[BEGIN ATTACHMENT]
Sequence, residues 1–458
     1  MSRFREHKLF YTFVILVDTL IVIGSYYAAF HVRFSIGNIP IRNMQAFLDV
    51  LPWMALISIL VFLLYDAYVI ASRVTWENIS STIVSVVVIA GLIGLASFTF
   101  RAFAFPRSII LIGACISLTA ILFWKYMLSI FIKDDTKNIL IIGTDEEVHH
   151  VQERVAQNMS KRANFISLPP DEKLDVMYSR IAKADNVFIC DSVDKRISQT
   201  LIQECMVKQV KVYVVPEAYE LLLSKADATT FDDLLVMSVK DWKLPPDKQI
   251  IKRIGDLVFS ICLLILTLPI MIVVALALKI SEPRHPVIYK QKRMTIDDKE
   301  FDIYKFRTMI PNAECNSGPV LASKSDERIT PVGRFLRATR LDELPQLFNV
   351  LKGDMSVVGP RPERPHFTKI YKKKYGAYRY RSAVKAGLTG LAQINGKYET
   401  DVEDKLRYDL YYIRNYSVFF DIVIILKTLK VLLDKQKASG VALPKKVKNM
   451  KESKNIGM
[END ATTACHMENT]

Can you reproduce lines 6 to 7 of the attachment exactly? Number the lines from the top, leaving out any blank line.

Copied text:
   201  LIQECMVKQV KVYVVPEAYE LLLSKADATT FDDLLVMSVK DWKLPPDKQI
   251  IKRIGDLVFS ICLLILTLPI MIVVALALKI SEPRHPVIYK QKRMTIDDKE